[1] “Deniers” is the prefered term when outright misrepresentation rather than sceptical analysis is the method used, I think this distinction is fair.


  • 12 on atmospheric modelling
  • 13 on oceanic modelling
  • 14 on the combination of atmospheric and oceanic models
  • 15 on the current state of scientific knowledge of various mechanisms involved in climate modelling
  • 16 on the ability of global models to:
  1. reproduce temperature observations
  2. reproduce precipitation observations
  3. model temperature values for the next 10 years
  4. model temperature values for the next 50 years
  5. model precipitation values for the next 10 years
  6. model precipitation values for the next 50 years
  7. model sea level rise for the next 10 years
  8. model sea level rise for the next 50 years
  9. model extreme events for the next 10 years
  10. model extreme events for the next 50 years
  • 17 on the ability of regional models to:
  1. reproduce temperature observations
  2. reproduce precipitation observations
  3. model temperature values for the next 10 years
  4. model temperature values for the next 50 years
  5. model precipitation values for the next 10 years
  6. model precipitation values for the next 50 years
  7. model sea level rise for the next 10 years
  8. model sea level rise for the next 50 years
  9. model extreme events for the next 10 years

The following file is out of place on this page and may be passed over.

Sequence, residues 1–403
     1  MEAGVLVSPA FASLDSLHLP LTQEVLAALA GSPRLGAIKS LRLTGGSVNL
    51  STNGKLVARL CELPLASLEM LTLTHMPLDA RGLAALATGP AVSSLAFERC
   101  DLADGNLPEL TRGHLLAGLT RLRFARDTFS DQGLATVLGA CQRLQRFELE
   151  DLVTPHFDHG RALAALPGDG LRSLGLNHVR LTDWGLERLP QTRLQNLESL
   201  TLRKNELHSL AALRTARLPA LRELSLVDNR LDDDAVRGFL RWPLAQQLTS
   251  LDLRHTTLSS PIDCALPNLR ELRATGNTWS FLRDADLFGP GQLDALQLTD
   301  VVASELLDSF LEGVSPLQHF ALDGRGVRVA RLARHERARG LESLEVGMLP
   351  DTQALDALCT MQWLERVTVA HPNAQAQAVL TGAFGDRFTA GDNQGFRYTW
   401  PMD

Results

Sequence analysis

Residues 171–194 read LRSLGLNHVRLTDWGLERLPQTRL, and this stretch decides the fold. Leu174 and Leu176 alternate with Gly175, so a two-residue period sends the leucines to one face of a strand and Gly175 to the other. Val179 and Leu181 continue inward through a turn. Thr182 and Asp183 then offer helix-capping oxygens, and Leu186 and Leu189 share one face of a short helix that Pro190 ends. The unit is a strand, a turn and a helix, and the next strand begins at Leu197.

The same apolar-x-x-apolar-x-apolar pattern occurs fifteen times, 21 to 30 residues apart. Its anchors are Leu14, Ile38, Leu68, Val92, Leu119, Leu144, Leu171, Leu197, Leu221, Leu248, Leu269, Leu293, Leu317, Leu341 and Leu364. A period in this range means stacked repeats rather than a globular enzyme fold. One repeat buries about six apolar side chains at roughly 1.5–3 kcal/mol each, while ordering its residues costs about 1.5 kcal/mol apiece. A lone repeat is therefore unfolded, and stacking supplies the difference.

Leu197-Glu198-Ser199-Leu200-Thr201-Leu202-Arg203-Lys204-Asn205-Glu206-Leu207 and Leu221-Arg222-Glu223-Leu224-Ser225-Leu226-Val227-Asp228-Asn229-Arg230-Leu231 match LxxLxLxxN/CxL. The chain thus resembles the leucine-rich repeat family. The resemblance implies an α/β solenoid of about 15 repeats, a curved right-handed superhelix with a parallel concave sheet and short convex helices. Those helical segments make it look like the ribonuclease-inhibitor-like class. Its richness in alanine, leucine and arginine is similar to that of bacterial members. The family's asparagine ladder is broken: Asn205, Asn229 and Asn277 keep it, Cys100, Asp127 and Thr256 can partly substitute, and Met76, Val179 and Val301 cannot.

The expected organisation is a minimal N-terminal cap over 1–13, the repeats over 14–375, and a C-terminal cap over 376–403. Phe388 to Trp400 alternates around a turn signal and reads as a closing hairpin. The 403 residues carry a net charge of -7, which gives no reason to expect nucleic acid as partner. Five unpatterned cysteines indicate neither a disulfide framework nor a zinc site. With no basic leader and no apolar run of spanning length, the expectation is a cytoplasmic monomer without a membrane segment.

10. model extreme events for the next 50 years
  • 18 on How relevant is the study of paleoclimatology to the understanding of both climate sensitivity and anthropogenic induced climate change.
  • 19 on How would you rate the ability of paleo models to reproduce proxy temperature observations or proxy precipitation observations.

7 thoughts on “The Devil’s in the Details

  1. The other fact about climate science is that it is no way only driven by climate modeling, there are a wide array of observational disciplines which people dedicate their lives to. these fields give invaluable evidence of the presently occurring changes and can compellingly relate them to past climates which we have a better understanding of. modeling is just one way of looking at the problem. And scientists who aren’t involved are often rightly, considering all the assumptions which must be made, cautious of its results.

    Even if a scientist isn’t convinced by the modeling of future or past climates the physics behind climate change is simple enough to be comprehensively understood by a bright A level student and this is what, in my experience, even the most skeptical scientist won’t argue with. modeling is attempting to quantify how such a vastly complex system will cope with the inevitable change in the balance of that system.

    Models aren’t perfect but if you read just a few chapters of the IPCC report its striking how so many institutions with so many different priorities and methods come to widely the same conclusion.

    1. Thanks for the contribution.

      Its often said that modelling is the only “proof” proper that global warming is happening. “If you can’t model it, it ain’t science,” some would say. What would you say to that?